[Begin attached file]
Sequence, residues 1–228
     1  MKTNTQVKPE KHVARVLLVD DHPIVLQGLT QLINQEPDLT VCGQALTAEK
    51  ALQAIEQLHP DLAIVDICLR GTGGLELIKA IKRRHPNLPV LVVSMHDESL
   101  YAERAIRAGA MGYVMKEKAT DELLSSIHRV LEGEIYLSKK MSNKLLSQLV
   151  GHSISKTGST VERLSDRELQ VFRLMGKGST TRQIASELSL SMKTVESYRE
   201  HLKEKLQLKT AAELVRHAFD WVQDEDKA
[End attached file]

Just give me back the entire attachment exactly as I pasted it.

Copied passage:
Sequence, residues 1–228
     1  MKTNTQVKPE KHVARVLLVD DHPIVLQGLT QLINQEPDLT VCGQALTAEK
    51  ALQAIEQLHP DLAIVDICLR GTGGLELIKA IKRRHPNLPV LVVSMHDESL
   101  YAERAIRAGA MGYVMKEKAT DELLSSIHRV LEGEIYLSKK MSNKLLSQLV
   151  GHSISKTGST VERLSDRELQ VFRLMGKGST TRQIASELSL SMKTVESYRE
   201  HLKEKLQLKT AAELVRHAFD WVQDEDKA